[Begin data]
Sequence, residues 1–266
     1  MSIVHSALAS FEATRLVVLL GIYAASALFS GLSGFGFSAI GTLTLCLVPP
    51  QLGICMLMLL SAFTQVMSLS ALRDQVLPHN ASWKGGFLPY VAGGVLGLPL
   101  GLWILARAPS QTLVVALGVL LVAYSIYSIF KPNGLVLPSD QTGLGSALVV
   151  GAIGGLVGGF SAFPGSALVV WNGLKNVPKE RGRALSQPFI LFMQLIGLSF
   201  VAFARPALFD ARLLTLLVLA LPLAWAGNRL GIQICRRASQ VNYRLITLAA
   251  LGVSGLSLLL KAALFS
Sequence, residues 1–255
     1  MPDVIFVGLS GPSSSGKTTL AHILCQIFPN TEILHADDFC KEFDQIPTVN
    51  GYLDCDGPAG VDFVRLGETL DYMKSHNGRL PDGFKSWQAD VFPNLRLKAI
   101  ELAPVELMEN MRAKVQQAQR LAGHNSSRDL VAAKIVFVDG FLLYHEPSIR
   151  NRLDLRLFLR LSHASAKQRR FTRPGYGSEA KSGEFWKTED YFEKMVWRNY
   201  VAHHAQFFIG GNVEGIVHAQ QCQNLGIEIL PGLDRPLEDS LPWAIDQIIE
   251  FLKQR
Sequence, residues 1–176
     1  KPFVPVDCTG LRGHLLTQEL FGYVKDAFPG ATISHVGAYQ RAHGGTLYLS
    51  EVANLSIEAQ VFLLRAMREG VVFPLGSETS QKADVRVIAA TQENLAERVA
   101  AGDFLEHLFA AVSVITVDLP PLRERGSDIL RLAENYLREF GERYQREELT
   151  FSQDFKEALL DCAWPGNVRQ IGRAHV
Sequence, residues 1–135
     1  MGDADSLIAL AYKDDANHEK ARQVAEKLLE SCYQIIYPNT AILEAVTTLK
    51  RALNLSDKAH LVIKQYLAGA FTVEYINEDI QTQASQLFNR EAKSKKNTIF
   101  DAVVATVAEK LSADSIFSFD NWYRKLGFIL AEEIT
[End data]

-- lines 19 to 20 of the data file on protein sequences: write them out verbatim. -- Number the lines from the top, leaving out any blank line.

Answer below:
   151  FSQDFKEALL DCAWPGNVRQ IGRAHV
Sequence, residues 1–135